hard work

Gas in the Tank

Well, I can say this: I’m always busy. Whether I’m sending emails to venues, producers, musicians, blogs, radio stations, magazines, websites, playlist curators, songwriters, or the like; whether I’m writing songs, which, according to industry folk, I should be doing at least five times a week; whether I’m playing my old tunes and finding new ways to play the same song or even developing a song that hasn’t reached its potential, music is a constant. But, that’s what I asked for, isn’t it?

I won’t claim that I came into this life thinking it would be easy. If anything, the countless sighs of concern from friends and loved ones, when I told them I’d be doing music full-time after four years of engineering, were enough to put an ominous overtone of the next few years of my life. “Well, it’s a tough place to get noticed,” or, “Well, at least you’ve got a good back-up,” were what usually followed. Sure, I’d shake off the doubt and ask myself the question I’ve asked a million times, “Is this what you really want to do?” to which my heart’s reply was inevitably, “Of course.” But, that’s not the tough question: the harder one to answer is, “Why?” or, more specifically, “What makes you so special?”

I think there’s a sort of innate faith in oneself that has to be burned into his head if he hopes to do something as unstable and unknown as music – a certain confidence that what he’s doing is right, whether strangers believe it or not. Because, well, if you’re not your biggest fan, who else will be? Who else is going to get you through the unavoidable lows that come with rejection? Who else is going to be constantly filling your gas tank when you feel like this might be the end of the journey? You’ve got mom and dad through the phone, friends in a stable job, God, religion – whatever your anchor is – but at some point, it simply comes down to you. You have to have faith.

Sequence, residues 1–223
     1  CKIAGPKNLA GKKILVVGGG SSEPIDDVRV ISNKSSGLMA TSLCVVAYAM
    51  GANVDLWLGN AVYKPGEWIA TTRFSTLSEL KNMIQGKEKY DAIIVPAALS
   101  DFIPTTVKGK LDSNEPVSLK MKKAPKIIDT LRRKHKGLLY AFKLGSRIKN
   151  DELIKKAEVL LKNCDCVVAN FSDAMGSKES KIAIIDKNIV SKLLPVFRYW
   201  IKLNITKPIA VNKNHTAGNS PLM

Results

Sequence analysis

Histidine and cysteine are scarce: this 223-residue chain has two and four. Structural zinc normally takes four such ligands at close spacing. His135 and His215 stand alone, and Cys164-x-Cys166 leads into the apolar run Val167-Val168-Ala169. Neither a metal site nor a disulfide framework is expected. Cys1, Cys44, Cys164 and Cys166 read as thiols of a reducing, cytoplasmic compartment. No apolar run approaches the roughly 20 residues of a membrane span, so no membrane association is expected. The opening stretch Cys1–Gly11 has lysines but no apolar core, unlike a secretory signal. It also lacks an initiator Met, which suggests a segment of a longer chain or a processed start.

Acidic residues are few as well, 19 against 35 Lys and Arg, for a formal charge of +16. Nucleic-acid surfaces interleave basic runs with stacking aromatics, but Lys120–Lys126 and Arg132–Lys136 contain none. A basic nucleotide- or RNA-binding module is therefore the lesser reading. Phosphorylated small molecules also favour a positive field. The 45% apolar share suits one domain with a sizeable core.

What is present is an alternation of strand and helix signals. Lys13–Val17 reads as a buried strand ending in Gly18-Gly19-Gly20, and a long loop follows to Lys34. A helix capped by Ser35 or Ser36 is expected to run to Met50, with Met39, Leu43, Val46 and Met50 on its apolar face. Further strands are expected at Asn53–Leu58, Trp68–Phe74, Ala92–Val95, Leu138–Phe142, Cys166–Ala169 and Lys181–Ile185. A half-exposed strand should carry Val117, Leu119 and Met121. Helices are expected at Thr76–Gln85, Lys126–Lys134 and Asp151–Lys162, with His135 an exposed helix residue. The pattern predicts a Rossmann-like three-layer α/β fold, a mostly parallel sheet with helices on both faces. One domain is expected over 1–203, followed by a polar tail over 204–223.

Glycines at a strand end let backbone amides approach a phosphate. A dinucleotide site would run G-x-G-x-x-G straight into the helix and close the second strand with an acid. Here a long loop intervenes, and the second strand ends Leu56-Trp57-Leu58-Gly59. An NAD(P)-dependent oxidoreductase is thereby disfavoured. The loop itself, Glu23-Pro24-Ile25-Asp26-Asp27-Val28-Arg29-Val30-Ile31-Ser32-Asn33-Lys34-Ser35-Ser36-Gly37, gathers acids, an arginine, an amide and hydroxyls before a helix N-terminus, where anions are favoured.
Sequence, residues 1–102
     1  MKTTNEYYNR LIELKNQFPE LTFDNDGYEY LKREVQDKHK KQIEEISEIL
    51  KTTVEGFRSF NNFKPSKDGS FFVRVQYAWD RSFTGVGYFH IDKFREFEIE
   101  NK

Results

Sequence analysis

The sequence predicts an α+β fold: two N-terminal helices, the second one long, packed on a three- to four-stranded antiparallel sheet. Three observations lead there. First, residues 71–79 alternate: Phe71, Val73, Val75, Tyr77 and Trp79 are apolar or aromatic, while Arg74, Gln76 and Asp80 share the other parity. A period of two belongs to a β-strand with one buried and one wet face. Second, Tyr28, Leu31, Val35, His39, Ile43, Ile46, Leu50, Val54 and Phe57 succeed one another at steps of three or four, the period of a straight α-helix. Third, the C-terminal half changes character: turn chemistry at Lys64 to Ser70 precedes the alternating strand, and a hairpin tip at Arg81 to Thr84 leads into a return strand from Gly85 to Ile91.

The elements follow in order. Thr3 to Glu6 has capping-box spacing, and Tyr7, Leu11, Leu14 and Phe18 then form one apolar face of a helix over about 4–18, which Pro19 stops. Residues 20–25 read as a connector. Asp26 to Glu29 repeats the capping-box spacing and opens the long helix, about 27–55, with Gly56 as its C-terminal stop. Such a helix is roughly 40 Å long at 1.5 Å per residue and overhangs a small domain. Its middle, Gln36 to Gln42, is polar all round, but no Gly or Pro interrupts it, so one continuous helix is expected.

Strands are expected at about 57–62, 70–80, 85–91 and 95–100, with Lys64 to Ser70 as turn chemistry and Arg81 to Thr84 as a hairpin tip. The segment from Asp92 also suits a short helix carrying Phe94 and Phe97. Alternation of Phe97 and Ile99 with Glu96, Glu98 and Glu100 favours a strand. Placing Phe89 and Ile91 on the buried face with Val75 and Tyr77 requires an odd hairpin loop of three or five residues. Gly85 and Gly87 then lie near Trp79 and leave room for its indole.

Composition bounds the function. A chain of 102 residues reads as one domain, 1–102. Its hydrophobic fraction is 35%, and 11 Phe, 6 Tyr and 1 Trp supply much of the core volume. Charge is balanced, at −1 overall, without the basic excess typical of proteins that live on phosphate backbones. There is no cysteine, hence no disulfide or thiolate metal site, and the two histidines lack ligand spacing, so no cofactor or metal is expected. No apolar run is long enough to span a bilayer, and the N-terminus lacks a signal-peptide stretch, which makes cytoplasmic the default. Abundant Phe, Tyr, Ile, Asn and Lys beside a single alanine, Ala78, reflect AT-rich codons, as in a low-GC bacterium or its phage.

And, like I said, I won’t claim that I came to Nashville thinking I’d be swept off my feet by a record label or a publishing house the second I got here, but that faith in my music, my lyrics, my talent – all things given to me by the Lord above – persuaded me into thinking that, you know, maybe it’ll be easier for me. Surely, the people out here don’t have what I have – and maybe they do, maybe they don’t, but nothing is given in this world but the drinks at a bar, being bought by someone who wants to shake hands and add you to a contact list.

Nothing is given, but success can absolutely be earned – and half the battle is figuring out how to earn it. And, sure, I’m painting in broad strokes: there are people who have come into my life recently – you know who you are – who’s generosity, friendliness, and sincerity in this strange city have been invaluable. But, at the end of the day, it comes down to you, what you do for yourself, and how hard you’re willing to work. Handouts – if they ever were a thing – certainly are in the past, so now, more than ever, its up to me to fill my tank with gas.